The #1 Best Marketing Tip Ever in the History of Marketing Tips


One of the biggest challenges marketers run into when being asked for “great ideas” on how to market a product is what to do when a product just isn’t very good or interesting. It’s one I’ve encountered many times in my life, and it’s a tough position to be put in, as you want to be helpful … but you also don’t want to be a jerk.

The truth is though, no matter how great of a marketing strategy you have behind a product, service or brand, if it’s something that no one wants (or might want), then it’s doomed for failure. Yes, you might sell a few ice cubes to eskimos, but sooner or later they’re going to realize they got bamboozled. That’s not a business. That’s a scam.
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A Strong Marketing Strategy Requires a Strong Foundation


One of the key tenets I espouse to anyone looking to improve their marketing effectiveness is that marketing should be looked at holistically.

Each part of what we do with our business, particularly in the ways we present our business or brand to the world, is part of marketing. And, whether those actions are online or offline, they all need to work together to build a a greater whole that none of them could accomplish on their own.

That’s a main part of what I do when I’m working with clients – look at their goals as a company and how all their channels and communication are working together to help elevate the brand. This includes looking deep into the data to understand how the channels intersect, where breakpoints are occurring and where things may be missing altogether.

But none of this does any good without a strong foundation.
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VR, AR and the Inherent Challenge to Promoting What Must Be Experienced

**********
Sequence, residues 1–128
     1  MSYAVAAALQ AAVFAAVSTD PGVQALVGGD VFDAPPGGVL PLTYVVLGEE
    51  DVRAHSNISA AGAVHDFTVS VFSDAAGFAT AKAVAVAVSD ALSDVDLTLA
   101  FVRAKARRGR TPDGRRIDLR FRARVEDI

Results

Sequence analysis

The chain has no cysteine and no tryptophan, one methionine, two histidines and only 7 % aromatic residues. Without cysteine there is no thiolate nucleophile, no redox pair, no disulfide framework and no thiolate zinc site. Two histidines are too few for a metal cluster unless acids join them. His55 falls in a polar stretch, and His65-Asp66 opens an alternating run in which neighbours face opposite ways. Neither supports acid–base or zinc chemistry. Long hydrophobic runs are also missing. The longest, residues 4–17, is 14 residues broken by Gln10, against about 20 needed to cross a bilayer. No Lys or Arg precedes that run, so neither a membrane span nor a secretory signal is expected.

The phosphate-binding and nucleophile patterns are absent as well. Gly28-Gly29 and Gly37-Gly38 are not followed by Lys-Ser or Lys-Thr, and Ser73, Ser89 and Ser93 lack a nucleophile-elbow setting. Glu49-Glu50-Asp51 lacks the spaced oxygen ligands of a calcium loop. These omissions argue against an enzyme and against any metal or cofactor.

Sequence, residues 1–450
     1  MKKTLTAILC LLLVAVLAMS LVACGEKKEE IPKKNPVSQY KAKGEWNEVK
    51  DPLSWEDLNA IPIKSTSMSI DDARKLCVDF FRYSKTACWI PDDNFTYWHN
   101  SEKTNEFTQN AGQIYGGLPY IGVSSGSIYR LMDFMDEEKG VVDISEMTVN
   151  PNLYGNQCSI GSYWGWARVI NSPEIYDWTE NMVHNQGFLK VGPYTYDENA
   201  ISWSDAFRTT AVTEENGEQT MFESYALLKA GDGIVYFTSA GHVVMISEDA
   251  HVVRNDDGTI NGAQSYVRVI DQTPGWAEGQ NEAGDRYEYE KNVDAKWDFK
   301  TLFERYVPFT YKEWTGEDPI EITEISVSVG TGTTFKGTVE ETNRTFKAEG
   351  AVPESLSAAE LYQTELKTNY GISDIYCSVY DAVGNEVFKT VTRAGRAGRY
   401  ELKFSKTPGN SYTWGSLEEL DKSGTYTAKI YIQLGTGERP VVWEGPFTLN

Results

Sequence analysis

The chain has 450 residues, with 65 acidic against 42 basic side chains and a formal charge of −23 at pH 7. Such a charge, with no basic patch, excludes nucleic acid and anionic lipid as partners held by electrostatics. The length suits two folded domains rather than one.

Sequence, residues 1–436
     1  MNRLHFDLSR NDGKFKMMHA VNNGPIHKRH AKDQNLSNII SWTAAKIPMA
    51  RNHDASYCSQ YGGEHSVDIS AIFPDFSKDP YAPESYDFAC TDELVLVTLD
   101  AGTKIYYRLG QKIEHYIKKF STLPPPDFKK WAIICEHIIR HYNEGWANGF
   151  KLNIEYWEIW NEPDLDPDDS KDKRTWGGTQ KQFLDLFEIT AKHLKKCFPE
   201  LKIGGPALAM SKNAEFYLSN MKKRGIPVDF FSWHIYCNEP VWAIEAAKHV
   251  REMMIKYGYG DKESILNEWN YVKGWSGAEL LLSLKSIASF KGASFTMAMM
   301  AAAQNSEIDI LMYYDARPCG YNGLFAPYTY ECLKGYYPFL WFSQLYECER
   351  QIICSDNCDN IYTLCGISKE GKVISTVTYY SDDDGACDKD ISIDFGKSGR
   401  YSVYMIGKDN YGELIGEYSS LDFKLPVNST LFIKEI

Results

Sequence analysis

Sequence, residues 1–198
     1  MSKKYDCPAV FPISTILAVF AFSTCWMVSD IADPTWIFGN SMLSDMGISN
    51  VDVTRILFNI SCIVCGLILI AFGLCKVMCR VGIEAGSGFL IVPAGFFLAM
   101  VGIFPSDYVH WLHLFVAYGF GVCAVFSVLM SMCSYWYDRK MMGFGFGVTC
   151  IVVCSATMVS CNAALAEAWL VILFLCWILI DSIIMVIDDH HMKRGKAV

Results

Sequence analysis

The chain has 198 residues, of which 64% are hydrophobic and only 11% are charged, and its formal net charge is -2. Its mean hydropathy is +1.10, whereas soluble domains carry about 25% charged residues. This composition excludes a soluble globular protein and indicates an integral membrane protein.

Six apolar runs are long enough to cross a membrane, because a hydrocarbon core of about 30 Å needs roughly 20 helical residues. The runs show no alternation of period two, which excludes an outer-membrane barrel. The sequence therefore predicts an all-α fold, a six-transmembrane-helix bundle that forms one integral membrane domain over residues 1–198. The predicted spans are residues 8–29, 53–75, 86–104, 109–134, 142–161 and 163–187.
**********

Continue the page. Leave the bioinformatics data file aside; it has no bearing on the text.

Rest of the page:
This past holiday season, one of the hottest tech trends I saw being promoted on TV was Samsung’s swing at VR: their Gear VR headset. The commercials were on pretty constantly (at least on the programming I watched) … but there was one big problem with them. There’s no way to really show the VR experience in an ad.

It’s a challenge both Virtual Reality (VR) and Augmented Reality (AR) marketers are going to have to figure out how to surmount in order to get the kind of widespread adoption the technologies need to survive. But with all our ways of marketing, pretty much none of them can get across what the actual experience is. Sure, you could write an article “explaining it” in words or you could show a picture or video of what the person might be seeing on-screen … but I just don’t see how those are going to get the job done.
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Sad Cyber Monday

Cyber Monday 2016: A Case of Cyber Monday Withdrawal Blues


Today is Cyber Monday. And for the first time since the invention of Cyber Monday … no, since before Cyber Monday even existed, I’m not working for an e-commerce retailer.

And it’s really weird.

I’ve been caught up in a lot of projects lately that have been taking my attention, but today is one of those days where I feel a bit emptier. As the consumer world goes on their mad rush to find the best online deals, e-commerce marketers are busy watching the returns of their long-planned campaigns, hoping their sites don’t go down and that every promotion goes off without a hiccup.

It’s really one of the most exciting days to work in e-commerce … and I’m missing it. Instead of sitting behind a monitor watching sales roll in, cheering for records to be broken and the marketing plan to be a hit, I’m busy working on other things.

They’re fun things, to be sure. Pretty exciting actually (especially a few things that are in the hopper I can’t talk about yet). But they’re not the rush of Cyber Monday.

So all you e-commerce marketers – while you might get a little stressed out today, try to take everything in. It’s the most exciting retail day of the year for you – and probably the one day you’ve been planning around the most over the last few months.